When Paul returned from Britain, she became involved in the women’s rights movement in her home country. She launched her campaign with a massive woman’s suffrage parade in 1913, just before President Woodrow Wilson’s inauguration, according to the Sewall-Belmont Museum.
Paul formed the National Woman’s Party in 1916, focusing on a constitutional amendment that would give women the right to vote.
“But four years of rallies, lobbying, petitions, parades and election campaigns failed to budge Congress or gain the president’s support,” the museum says in an article about Paul. “On January 10, 1917, Paul led a dozen women to the gates of the White House. The first people ever to picket the White House, they called themselves ‘Silent Sentinels'”
They carried signs and banners that asked questions like, “Mr. President how long must women wait for liberty?” and “Mr. President what will you do for woman suffrage?”
3. She Was Jailed for Protesting Outside the White House & Went on a Hunger Strike
Paul and her colleagues in the National Woman’s Party and other women’s rights groups continued to picket outside of the White House in 1917, but some saw them as disloyal after World War I began.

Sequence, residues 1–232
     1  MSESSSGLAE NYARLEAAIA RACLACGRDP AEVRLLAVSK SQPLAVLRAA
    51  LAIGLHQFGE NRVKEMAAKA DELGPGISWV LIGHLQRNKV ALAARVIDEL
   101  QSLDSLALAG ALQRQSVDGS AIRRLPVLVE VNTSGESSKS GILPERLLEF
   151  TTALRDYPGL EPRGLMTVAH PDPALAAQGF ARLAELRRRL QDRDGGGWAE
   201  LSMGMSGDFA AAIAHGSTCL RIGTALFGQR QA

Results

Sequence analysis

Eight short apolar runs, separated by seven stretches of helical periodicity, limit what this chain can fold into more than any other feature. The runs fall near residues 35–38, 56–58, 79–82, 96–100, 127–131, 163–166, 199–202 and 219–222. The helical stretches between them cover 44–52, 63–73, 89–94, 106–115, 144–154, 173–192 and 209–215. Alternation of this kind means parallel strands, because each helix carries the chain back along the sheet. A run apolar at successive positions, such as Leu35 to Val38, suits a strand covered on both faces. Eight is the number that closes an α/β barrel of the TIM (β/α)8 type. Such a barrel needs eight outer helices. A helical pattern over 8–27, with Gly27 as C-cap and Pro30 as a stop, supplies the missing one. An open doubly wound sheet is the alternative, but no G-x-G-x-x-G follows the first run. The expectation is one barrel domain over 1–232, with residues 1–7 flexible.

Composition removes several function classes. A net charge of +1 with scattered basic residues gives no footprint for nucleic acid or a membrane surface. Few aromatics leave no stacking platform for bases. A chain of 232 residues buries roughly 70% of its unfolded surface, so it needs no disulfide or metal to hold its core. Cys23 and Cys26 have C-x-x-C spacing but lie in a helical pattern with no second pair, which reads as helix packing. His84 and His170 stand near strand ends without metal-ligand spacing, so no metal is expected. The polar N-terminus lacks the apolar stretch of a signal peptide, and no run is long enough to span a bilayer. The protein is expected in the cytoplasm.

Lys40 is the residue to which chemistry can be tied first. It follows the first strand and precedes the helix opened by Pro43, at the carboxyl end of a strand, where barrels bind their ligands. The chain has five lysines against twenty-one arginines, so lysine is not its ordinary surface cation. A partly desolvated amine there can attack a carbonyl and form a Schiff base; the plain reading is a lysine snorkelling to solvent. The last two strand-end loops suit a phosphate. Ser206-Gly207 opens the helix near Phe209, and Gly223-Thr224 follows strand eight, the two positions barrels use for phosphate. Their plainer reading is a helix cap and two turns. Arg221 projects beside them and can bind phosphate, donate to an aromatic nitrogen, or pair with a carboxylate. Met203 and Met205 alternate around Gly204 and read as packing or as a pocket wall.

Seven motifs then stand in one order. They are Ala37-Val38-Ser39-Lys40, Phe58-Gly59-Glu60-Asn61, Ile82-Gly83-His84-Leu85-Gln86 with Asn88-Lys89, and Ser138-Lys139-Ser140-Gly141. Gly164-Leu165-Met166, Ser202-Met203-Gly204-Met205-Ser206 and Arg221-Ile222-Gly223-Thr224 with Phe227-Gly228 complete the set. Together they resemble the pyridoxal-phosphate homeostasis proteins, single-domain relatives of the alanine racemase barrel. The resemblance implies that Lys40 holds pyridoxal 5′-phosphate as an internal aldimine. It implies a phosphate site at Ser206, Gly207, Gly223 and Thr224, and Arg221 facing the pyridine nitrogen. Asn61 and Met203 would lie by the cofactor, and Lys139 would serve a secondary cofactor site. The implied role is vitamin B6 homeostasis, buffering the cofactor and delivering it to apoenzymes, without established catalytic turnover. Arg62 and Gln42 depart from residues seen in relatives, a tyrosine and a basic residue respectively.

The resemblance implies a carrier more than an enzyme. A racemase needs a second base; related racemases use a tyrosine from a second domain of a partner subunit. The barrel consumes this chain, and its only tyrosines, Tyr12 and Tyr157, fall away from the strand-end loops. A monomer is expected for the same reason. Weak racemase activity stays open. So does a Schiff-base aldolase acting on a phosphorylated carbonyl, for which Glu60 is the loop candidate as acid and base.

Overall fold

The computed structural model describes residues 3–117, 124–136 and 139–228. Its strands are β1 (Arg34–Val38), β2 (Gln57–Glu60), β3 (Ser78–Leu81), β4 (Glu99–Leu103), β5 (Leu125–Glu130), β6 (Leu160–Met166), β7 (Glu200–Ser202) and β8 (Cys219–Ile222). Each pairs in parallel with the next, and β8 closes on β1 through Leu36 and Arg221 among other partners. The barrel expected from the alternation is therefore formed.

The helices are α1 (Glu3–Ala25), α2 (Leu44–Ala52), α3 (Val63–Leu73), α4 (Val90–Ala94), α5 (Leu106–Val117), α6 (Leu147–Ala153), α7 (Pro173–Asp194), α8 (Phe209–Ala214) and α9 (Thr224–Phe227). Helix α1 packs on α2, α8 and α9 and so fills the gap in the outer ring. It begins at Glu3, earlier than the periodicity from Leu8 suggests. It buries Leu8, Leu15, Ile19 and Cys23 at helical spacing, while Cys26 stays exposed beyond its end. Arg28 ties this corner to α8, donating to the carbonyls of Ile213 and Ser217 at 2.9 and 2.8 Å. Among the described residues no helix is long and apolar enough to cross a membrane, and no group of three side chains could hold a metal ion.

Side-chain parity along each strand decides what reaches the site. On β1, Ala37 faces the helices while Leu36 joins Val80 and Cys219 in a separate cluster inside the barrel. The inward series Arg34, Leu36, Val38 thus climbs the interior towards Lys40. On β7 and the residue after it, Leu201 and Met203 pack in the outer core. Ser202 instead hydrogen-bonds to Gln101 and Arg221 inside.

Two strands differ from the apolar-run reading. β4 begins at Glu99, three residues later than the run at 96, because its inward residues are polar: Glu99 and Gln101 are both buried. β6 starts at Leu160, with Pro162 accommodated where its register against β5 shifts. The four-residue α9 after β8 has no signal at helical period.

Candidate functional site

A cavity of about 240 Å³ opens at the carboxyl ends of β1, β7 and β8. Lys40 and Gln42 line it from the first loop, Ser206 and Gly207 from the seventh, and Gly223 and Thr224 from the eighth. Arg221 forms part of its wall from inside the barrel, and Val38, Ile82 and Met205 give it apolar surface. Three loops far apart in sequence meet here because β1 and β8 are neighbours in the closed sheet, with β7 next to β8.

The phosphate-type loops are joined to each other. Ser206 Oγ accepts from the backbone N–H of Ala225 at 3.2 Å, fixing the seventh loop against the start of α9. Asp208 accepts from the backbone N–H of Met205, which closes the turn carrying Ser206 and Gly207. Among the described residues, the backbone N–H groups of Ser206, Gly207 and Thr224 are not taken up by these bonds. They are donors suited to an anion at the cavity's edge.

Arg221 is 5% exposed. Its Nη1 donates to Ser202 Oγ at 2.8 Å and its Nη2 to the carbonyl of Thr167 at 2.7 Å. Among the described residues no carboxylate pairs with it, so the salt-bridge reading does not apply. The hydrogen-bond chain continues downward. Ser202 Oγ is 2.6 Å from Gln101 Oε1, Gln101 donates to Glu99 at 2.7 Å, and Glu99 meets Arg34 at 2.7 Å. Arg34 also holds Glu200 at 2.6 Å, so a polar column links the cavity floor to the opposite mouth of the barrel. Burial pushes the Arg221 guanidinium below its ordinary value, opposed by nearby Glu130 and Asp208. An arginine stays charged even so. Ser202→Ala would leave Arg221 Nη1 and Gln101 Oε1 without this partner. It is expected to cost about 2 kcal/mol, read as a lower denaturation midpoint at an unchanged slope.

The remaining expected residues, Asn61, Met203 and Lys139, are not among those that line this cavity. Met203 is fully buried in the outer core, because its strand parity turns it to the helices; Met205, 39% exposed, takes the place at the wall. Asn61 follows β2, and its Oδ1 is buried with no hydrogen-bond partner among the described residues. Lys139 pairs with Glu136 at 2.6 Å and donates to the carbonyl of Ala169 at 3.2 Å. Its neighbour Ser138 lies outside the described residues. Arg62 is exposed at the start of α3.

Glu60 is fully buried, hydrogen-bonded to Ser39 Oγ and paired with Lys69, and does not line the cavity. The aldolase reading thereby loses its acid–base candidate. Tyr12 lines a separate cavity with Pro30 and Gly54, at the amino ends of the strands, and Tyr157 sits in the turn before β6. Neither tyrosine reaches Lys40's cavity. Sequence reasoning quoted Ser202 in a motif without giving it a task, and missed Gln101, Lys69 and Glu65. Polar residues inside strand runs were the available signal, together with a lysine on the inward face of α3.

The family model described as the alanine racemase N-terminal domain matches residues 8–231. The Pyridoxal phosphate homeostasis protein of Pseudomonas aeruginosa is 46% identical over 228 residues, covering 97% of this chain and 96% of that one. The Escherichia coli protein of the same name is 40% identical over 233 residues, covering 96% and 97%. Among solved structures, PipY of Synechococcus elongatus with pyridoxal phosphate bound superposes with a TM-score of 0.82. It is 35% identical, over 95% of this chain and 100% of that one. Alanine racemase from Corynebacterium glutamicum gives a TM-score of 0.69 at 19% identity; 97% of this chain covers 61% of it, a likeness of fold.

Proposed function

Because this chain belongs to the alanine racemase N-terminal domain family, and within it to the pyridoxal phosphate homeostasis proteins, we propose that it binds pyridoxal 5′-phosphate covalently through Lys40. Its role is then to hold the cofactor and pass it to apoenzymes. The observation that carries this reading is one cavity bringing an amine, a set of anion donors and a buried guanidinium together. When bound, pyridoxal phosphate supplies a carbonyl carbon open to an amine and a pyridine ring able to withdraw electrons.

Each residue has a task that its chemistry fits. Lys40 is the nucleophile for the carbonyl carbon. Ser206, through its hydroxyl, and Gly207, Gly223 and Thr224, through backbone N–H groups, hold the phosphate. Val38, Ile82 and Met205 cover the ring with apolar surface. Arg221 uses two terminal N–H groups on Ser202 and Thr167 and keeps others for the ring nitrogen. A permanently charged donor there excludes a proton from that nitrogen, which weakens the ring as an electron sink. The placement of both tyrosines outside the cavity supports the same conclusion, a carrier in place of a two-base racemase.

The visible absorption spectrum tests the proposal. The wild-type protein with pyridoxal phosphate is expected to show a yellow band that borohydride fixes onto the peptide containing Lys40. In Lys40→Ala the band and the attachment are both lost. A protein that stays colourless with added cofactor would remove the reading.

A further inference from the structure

Picketers were arrested on charges of “obstructing traffic” and jailed when they refused to pay fines, according to the Alice Paul Institute.
The suffragists continued to protest despite the arrests. Paul was eventually arrested herself and sentenced to seven months in jail.
Paul began her sentence on October 20, 1917, and she went on a hunger strike to protest the terrible conditions she and other prisoners were kept in. The Alice Paul Institute explains:
The arrested suffragists were sent to Occoquan Workhouse, a prison in Virginia. Paul and her compatriots followed the English suffragette model and demanded to be treated as political prisoners and staged hunger strikes. Their demands were met with brutality as suffragists, including frail, older women, were beaten, pushed and thrown into cold, unsanitary, and rat-infested cells. Arrests continued and conditions at the prison deteriorated. For staging hunger strikes, Paul and several other suffragists were forcibly fed in a tortuous method. Prison officials removed Paul to a sanitarium in hopes of getting her declared insane. When news of the prison conditions and hunger strikes became known, the press, some politicians, and the public began demanding the women’s release.